The vampire rolled up his sleeves and walked up to a zombie. He unleashed a clumsy right hook. His target made no effort to get out of the way. The zombie's jawbone flew across the room with a dry crack. He stumbled back.
"I ain't scared of nuthin'."
He landed another punch on a second opponent. Her head spun around to face her back.
"I'm immortal, you dipshit!" Earl shouted to Duke. "You think a bunch of worm-ridden pricks are gonna bother me?"
He summoned all his unnatural strength and thrust his fist into a zombie's chest. Fragile ribs and desiccated organs gave way, and his forearm thrust through the corpse. He pulled, but the arm was stuck.
The impaled zombie grabbed him by the throat. Vampires didn't need to breathe, but even the undead could be inconvenienced by a crushed larynx. Earl kicked his attacker's thin leg. The limb broke off at the knee. The hopping zombie tightened its grip as its brothers and sisters encircled their prey.
"Uh, Duke," Earl rasped, "A little help here."
The corpses fell upon him in a hog pile.
Duke stuffed a handful of soggy fries into his mouth and took off his jacket followed by his T-shirt. He was in the middle of unlacing his boots when Loretta returned. "Where's your friend?"
He nodded towards the mound of moaning dead.
She blasted two of the corpses on top and reloaded hastily. "I'm really sorry about your friend there. How about a free slice of apple pie? Just let me take care of these godless abominations first."
Duke pulled off his jeans and stood completely naked. The werewolf found it saved time not to bother wearing underwear. He tossed his clothes in a heap on the counter.
"That's alright. I got it."
The bear of a man transformed into a wolf of a man. His impressive six-foot-five frame expanded and widened into a hairy ape-like shape. Powerful muscles bulged beneath coal black fur. Terrible claws sprouted from his fingertips. Thick yellow teeth grew from his gums. Duke dropped to all fours.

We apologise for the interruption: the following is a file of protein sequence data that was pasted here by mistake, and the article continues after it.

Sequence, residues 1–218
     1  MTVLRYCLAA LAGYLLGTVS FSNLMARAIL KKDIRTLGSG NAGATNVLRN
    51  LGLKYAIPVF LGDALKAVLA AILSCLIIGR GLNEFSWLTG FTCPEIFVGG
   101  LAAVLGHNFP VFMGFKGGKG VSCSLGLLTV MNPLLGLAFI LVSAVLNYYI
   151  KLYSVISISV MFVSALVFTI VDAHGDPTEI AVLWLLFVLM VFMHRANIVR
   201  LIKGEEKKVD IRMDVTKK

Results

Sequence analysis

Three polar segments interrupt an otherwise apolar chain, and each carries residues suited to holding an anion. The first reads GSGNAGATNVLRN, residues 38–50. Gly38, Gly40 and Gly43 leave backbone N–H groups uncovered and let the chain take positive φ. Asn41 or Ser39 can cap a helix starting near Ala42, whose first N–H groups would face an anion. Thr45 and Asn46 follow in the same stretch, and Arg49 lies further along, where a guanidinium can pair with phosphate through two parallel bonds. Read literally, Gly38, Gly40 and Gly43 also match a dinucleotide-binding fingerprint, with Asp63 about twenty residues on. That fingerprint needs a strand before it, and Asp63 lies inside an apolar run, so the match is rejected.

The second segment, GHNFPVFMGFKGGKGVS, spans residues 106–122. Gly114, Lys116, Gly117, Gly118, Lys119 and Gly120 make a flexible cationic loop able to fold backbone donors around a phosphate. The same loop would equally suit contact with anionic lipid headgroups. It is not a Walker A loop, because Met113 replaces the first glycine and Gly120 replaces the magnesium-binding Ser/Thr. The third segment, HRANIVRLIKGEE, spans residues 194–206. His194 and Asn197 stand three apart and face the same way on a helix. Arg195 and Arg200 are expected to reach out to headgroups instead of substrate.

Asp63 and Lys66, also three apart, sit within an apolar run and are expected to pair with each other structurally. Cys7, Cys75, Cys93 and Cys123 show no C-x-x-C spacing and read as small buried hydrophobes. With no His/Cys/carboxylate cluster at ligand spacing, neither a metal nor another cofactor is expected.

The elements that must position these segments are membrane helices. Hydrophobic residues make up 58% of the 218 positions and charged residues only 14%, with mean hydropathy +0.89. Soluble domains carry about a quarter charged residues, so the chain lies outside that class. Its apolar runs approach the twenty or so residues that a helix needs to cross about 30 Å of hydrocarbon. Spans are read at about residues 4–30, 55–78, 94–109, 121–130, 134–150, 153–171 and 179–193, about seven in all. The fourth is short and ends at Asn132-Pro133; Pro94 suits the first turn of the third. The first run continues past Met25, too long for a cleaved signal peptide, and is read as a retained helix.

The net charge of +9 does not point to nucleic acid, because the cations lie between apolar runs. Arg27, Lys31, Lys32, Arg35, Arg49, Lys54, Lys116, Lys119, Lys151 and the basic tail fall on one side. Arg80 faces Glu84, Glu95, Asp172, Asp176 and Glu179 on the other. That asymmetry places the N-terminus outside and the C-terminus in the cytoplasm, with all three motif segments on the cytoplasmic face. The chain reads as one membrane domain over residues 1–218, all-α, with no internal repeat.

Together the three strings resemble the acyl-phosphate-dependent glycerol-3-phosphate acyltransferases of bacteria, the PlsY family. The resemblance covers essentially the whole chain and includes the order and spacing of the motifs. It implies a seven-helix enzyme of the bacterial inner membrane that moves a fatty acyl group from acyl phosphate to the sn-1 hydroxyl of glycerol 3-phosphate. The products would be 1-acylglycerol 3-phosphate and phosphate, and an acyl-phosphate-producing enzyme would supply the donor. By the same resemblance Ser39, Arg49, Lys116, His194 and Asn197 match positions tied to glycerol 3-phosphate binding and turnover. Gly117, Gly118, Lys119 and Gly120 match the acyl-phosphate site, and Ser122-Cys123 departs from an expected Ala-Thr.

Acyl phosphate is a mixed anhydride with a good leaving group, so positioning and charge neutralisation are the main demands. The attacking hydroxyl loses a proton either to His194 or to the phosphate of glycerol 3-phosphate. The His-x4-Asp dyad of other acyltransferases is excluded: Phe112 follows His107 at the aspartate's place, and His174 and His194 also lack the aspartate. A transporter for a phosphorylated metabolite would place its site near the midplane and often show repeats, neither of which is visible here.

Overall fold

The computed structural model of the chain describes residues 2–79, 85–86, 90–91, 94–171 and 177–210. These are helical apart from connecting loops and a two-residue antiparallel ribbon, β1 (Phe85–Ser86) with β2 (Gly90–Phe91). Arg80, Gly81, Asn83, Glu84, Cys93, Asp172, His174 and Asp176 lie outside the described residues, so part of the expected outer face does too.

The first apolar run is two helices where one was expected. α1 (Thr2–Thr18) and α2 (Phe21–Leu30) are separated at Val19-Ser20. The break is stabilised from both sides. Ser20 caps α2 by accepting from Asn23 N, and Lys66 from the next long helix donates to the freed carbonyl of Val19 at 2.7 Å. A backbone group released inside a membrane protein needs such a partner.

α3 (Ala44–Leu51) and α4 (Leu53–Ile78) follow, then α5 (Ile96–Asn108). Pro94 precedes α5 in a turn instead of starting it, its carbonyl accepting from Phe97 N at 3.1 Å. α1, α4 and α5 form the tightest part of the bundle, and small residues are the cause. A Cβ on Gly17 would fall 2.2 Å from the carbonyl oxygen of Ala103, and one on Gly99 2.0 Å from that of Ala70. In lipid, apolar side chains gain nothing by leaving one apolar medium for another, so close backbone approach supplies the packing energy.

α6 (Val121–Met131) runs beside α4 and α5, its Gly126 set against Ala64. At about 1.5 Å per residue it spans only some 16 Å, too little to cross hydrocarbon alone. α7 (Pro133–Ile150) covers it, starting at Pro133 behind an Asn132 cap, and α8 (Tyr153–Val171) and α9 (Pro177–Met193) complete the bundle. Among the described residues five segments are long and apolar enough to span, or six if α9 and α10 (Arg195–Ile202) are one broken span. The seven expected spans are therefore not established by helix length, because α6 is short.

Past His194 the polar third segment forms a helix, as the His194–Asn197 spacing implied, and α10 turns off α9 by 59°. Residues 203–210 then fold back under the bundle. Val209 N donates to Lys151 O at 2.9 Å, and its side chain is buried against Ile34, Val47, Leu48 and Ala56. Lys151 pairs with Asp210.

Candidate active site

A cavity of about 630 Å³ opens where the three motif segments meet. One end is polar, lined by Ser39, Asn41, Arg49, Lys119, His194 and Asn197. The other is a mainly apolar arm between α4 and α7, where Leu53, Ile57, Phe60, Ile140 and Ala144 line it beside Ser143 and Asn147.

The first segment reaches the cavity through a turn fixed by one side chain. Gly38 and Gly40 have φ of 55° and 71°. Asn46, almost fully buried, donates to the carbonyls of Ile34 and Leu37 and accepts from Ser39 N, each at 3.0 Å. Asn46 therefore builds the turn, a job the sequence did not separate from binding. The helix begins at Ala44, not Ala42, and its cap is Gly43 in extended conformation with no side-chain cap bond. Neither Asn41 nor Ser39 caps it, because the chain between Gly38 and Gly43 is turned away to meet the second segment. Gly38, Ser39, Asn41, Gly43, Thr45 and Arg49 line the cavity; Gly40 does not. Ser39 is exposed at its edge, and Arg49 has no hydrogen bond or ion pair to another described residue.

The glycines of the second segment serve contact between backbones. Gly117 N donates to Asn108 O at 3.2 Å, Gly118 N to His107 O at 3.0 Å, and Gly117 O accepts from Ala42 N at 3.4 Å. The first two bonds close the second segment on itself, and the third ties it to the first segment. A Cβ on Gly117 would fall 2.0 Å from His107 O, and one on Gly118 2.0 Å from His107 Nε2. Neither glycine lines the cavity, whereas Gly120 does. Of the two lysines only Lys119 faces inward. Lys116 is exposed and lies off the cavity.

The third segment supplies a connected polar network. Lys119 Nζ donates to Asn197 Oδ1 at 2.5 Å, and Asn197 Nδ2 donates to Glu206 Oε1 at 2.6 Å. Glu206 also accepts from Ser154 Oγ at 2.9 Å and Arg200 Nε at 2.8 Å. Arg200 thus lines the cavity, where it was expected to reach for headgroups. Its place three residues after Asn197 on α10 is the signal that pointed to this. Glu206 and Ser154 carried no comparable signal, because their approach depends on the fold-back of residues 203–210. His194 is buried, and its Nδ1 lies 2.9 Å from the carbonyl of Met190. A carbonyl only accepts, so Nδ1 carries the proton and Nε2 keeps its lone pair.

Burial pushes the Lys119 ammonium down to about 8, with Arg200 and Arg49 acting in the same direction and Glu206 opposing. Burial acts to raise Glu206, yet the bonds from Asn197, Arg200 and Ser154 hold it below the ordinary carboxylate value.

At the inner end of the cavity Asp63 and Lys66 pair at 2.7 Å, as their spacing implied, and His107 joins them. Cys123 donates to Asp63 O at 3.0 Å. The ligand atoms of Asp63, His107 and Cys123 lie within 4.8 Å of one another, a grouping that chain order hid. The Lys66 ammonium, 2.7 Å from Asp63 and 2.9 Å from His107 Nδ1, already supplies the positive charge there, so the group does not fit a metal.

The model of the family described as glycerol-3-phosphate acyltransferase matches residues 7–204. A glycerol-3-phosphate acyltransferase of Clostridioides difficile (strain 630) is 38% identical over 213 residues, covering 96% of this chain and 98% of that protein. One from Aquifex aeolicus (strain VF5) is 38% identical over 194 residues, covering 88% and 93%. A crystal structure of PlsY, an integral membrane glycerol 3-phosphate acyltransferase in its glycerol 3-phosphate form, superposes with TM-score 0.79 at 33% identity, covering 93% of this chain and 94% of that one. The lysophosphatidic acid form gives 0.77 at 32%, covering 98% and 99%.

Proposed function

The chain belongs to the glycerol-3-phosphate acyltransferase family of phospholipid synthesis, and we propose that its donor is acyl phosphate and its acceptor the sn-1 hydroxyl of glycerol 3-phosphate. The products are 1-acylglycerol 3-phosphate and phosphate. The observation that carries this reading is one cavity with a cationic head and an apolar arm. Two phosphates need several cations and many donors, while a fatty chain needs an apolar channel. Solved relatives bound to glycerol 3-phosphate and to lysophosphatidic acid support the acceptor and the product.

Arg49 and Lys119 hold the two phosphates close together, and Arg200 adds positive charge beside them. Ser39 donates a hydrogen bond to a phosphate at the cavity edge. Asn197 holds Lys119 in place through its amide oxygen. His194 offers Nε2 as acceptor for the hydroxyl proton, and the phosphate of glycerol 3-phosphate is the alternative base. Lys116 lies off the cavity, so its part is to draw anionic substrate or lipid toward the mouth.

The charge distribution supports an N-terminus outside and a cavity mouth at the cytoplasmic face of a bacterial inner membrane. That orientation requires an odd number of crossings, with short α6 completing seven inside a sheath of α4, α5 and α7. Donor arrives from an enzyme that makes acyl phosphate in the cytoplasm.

"Damnation," Loretta uttered breathlessly.
Your average zombie is not a combat machine. Their fighting prowess springs from a single-minded determination and a certain walking corpse stick-to-itiveness. Your average werewolf is an unrivaled killing machine, vicious teeth and claws coupled with supernatural grace, power, and the ultimate predatory instincts. Duke was not your average werewolf. He cut a swath through the corpses, twisting off their heads with casual effort. Within four seconds, the five remaining corpses were sprawled on the floor in a twitching mass.
"Damn it, Duke," Earl growled. "I think one of those things took a bite out of me."
Duke chuckled dryly. "Zombies ain't got no stomach for undead flesh. You know that." He walked back to the counter and had a seat. The metal stool bent under his full lycanthrope weight.
"Now, how 'bout some of that pie?"
Loretta eased back the shotgun's hammers. "You boys ain't planning on any funny business?"
"That depends on the pie."
"Actually, ma'am, we ain't killed nobody in ages," Earl reassured her.
"What about that trucker last Tuesday?" Duke asked.
"Oh hell, he don't count. He was asking for it. Look, miss, under all that hair, Duke is just a big ol' puppy dog, and I already ate. What say you lower that. We won't hurt you, and unless you got silver buckshot in there, it won't really do much to either of us."
Loretta, seeing the wisdom of his words, laid her shotgun on the counter. "Well, you fellas seem nice enough, and you did save me some ammunition. Guess a free slice of pie ain't too much to ask in return."
She went to the rotating pastry display, currently empty save for half an apple pie.
"This sort of thing happen much around here?" Earl asked.
She sighed. "Every couple of weeks. It's usually only three or four of the bastards. I don't have to tell you, it's really cut into my business."
"You tried anything about it yet?"
"Got the preacher to bless and exorcise the cemetery after the second time. I guess it didn't take. After that, I figured I could wait them out. That's the weird part. Can't be more than a hundred graves in that place, but I've killed more than a hundred and fifty since. Hundred and eighty-one counting that batch. Damned if I can reckon where they're all coming from. Nobody's been buried in there for years."
"Sounds like a problem," Earl remarked.
She nodded, setting a plate before Duke.
The werewolf wrapped his immense hands around a fork and took an experimental bite.
She stared at his wolf's head, looking for any sign of a smile on his muzzle.
"He likes it." Earl pointed to the werewolf's briskly wagging tail.
"Glad to hear it. I made it myself."
She clapped her meaty hands together. "Say, you fellas looking for work?"
"We can look into that zombie problem for you," Earl agreed.
"Actually, I was talking about helping me lay a new gas line for my stove. But if you take care of those damn corpses, I'd throw in a hundred bucks and some gas."
The werewolf and the vampire exchanged thoughtful glances.
Duke slid his empty plate toward her. "Throw in another piece, and you got yourself a deal."